Shapiro’s observations drive home the delicate complexities of achieving and maintaining a competitive advantage in attracting business investment, nurturing the growth of businesses already here and ultimately creating jobs.

Maryland has many advantages as a place to do business, including location, superior education resources, high quality of life, skilled workforce and major strengths as a center for science and technology industry growth.

It’s important for business and government leaders in Maryland together to craft a smart tool kit of resources and policies, including tax policies, that complement compelling branding and aggressive, outcome-driven marketing to build on our strengths and to cultivate strong business growth both from without and from within.

Donald C. Fry is president and CEO of the Greater Baltimore Committee. He is a regular contributor to Center Maryland.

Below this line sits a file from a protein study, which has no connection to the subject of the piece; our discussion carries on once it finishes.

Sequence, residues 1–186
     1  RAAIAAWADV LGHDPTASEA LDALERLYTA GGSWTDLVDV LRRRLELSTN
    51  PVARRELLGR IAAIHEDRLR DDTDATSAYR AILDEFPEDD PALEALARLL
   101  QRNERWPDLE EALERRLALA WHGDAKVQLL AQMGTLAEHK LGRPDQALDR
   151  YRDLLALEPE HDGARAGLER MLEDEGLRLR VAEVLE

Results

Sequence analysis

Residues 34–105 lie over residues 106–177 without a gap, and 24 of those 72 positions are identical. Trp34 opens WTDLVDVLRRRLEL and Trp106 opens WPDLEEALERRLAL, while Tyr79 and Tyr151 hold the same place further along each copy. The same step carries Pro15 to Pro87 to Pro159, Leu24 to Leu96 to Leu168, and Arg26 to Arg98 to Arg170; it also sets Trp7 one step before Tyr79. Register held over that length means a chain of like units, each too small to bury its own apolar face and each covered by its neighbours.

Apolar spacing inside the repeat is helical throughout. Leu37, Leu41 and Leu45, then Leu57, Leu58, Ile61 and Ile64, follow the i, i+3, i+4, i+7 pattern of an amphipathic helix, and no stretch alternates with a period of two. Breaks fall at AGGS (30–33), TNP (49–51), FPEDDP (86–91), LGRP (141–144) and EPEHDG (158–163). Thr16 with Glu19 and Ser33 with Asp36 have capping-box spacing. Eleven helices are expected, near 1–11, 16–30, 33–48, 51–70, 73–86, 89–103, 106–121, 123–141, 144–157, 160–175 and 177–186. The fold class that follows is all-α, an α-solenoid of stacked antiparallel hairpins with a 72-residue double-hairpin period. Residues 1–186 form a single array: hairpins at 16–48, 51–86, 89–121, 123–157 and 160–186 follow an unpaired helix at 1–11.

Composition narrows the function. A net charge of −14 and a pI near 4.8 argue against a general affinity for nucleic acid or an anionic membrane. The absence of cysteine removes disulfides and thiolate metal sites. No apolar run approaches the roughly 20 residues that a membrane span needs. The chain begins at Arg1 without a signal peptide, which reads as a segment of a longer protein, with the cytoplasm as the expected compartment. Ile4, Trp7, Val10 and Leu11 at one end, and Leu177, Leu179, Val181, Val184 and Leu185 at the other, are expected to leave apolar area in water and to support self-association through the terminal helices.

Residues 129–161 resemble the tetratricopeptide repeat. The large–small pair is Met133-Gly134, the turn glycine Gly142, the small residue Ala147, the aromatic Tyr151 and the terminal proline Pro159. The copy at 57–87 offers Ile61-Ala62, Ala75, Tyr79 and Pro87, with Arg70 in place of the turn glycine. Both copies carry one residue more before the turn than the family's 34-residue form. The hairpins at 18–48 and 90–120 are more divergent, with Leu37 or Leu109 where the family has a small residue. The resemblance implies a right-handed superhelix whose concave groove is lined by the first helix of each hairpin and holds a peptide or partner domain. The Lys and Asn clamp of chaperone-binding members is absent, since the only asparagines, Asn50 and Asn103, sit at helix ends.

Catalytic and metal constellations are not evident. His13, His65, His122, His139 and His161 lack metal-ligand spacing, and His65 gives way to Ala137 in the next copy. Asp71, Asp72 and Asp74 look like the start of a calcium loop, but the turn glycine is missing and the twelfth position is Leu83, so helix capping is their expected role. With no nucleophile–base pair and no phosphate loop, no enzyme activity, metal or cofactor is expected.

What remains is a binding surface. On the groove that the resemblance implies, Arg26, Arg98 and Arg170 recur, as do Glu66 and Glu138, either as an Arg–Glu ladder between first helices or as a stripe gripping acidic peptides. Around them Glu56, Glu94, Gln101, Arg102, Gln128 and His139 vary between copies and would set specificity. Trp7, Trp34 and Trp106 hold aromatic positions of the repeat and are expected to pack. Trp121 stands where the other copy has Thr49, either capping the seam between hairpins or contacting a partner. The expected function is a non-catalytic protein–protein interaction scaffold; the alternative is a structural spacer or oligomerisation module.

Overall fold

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Donald C. Fry has been the president and CEO of the Greater Baltimore Committee (GBC), the central Maryland region's most prominent organization of business and civic leaders, since November 2002.


Under Don’s leadership, the GBC is recognized as a knowledgeable and highly credible business voice in the Baltimore region, Annapolis and Washington, D.C. on policy issues and competitive challenges facing Maryland. Its mission is to apply private-sector leadership to strengthening the business climate and quality of life in the region and state.


Fry served as GBC executive vice president from 1999 to 2002. From 1980 to 1999 Fry was engaged in a private law practice in Harford County. During this time he also served in the Maryland General Assembly. He is one of only a handful of legislators to have served on each of the major budget committees of the General Assembly.


Serving in the Senate of Maryland from 1997 to 1998, Fry was a member of the Budget and Taxation Committee. As a member of the House of Delegates from 1991 to 1997 Fry served on the Ways and Means Committee and on the Appropriations Committee.


Fry is a 1979 graduate of the University of Baltimore School of Law. He earned a B.S. in political science from Frostburg State College.